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Toronto Mayor Rob Ford walks through the food court at the Eaton Centre mall on June 5, 2012, on its first day back in business after a gunman fired shots there, killing one man.Moe Doiron/The Globe and Mail

Toronto Mayor Rob Ford paid an impromptu visit to the Eaton Centre food court Tuesday, part of his efforts to encourage residents to come downtown following the weekend's fatal shooting.

Handing out business cards and fridge magnets to workers at the fast-food counters, the Mayor also stopped to offer them words of encouragement and shake hands with the small lunchtime crowd.

"Hi ladies, how are you?" the Mayor said to a group behind the KFC counter. "Keep up the good work guys," he said to another.

The Mayor, who has been waging a public battle to lose weight, refused offers of free samples from the outlets. "I've had lunch," he said.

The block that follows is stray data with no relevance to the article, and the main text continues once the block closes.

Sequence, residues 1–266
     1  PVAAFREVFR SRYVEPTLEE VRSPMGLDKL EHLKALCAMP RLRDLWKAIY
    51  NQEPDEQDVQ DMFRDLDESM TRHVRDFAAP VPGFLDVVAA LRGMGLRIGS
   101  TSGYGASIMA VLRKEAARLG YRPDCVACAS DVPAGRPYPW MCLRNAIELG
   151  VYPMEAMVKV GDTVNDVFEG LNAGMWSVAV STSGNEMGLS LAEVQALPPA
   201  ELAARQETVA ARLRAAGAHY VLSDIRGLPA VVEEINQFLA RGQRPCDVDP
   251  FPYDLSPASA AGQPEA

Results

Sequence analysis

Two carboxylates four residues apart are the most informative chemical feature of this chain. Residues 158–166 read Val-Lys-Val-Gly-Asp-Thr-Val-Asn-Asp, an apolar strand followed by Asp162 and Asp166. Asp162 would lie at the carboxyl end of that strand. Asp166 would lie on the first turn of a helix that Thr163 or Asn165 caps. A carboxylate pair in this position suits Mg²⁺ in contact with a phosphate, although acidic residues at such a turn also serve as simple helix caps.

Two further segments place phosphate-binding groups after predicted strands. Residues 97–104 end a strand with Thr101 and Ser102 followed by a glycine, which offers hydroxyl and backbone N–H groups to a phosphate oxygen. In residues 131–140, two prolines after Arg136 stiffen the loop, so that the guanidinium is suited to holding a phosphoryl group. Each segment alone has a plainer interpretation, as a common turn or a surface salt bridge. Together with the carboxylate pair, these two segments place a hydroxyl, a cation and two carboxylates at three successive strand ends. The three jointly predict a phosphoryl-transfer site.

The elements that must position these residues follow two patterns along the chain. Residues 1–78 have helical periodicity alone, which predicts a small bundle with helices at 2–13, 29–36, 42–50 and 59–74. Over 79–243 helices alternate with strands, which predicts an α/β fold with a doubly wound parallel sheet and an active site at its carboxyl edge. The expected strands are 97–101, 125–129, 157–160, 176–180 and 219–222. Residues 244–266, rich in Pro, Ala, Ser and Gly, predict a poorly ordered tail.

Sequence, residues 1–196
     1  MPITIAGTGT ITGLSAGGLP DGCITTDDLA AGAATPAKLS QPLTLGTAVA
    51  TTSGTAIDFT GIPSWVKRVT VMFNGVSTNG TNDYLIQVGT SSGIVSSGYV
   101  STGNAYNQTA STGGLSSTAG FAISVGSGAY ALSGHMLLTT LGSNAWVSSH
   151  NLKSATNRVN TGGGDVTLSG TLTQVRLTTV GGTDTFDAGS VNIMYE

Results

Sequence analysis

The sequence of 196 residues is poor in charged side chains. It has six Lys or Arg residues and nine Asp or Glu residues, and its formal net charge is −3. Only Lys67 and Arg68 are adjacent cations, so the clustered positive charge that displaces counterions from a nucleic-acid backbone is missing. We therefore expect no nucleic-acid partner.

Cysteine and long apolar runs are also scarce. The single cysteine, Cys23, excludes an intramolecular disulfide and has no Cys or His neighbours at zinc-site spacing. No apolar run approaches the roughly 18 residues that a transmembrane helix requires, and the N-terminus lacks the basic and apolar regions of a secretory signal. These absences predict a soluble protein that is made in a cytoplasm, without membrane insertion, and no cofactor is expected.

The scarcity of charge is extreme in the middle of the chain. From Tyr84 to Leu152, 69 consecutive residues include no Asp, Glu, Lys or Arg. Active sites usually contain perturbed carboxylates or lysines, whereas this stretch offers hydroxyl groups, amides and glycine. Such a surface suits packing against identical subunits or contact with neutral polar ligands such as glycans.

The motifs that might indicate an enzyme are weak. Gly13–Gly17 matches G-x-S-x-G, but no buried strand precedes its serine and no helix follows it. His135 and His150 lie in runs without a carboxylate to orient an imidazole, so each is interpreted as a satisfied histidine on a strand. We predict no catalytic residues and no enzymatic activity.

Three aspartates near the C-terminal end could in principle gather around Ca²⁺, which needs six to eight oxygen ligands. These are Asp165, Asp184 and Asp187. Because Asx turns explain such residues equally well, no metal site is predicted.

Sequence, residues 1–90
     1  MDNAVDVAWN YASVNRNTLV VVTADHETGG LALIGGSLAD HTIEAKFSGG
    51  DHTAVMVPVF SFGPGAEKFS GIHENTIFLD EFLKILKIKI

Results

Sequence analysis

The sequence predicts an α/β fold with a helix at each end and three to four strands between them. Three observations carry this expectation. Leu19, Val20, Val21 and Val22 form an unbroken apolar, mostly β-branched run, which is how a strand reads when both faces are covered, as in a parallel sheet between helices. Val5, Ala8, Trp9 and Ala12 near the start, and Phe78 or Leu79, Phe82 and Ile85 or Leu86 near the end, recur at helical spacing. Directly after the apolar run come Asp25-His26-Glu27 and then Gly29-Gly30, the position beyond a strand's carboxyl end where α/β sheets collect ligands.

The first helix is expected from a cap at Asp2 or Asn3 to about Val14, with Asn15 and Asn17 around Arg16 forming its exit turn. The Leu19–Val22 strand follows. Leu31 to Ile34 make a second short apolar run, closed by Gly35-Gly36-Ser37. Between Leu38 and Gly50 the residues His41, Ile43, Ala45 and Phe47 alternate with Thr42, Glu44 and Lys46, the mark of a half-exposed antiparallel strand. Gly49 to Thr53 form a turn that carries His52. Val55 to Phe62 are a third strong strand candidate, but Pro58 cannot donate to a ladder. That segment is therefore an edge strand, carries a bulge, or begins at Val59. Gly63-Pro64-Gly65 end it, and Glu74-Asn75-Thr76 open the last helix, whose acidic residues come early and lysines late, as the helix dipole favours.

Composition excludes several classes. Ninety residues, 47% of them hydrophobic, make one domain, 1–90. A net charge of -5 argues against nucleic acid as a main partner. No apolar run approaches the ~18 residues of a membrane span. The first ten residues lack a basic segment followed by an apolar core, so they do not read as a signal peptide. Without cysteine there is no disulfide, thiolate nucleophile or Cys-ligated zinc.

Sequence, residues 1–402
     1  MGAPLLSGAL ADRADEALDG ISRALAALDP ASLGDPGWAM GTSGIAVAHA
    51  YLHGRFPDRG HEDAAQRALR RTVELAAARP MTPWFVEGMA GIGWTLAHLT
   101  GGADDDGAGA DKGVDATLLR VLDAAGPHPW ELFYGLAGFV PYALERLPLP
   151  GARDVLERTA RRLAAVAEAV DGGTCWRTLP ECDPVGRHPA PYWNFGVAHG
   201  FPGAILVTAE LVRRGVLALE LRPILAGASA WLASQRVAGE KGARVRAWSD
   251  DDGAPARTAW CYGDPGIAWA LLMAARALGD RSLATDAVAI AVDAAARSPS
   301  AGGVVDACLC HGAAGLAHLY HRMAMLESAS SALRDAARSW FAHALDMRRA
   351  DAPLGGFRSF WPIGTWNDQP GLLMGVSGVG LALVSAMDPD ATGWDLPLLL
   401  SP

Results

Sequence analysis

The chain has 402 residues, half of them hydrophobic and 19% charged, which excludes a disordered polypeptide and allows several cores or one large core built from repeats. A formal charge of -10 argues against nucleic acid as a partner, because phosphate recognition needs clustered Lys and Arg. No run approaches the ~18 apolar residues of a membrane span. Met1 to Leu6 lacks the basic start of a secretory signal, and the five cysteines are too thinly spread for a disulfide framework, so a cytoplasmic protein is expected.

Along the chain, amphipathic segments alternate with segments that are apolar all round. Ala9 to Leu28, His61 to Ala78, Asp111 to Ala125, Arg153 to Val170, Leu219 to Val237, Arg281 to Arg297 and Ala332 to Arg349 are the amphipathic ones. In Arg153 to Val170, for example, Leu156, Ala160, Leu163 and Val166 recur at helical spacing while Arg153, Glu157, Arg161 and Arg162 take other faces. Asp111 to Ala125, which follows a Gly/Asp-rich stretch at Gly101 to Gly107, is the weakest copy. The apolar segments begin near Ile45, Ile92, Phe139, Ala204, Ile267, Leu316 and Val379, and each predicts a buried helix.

The newly renovated and relocated food court on the mall's lowest level was a much different place Saturday, busy with dinnertime visitors when a man sprayed bullets across the crowd, killing 24-year-old Ahmed Hassan and wounding six others, including a 13-year old boy. A pregnant woman, trampled by the throng dashing for the exits, went into premature labour, but was released from hospital Sunday after her condition stabilized.

Since then, Mr. Ford has been front and centre declaring Toronto "the safest city in the world," and imploring residents to show their support for the city and its businesses by returning to the downtown.

"[I want] to assure people it's a safe city and support the businesses," Mr. Ford said after his whistle-stop tour of the outlets. "They are hard working people. I just want to reassure them that everything is okay."

Mr. Ford said it is important that residents not change their habits to avoid the downtown because of a single event. "Continue doing what you did every day – come down with your family, come down eat lunch, people who work down here. Go out for dinner down there. Just carry on with your life."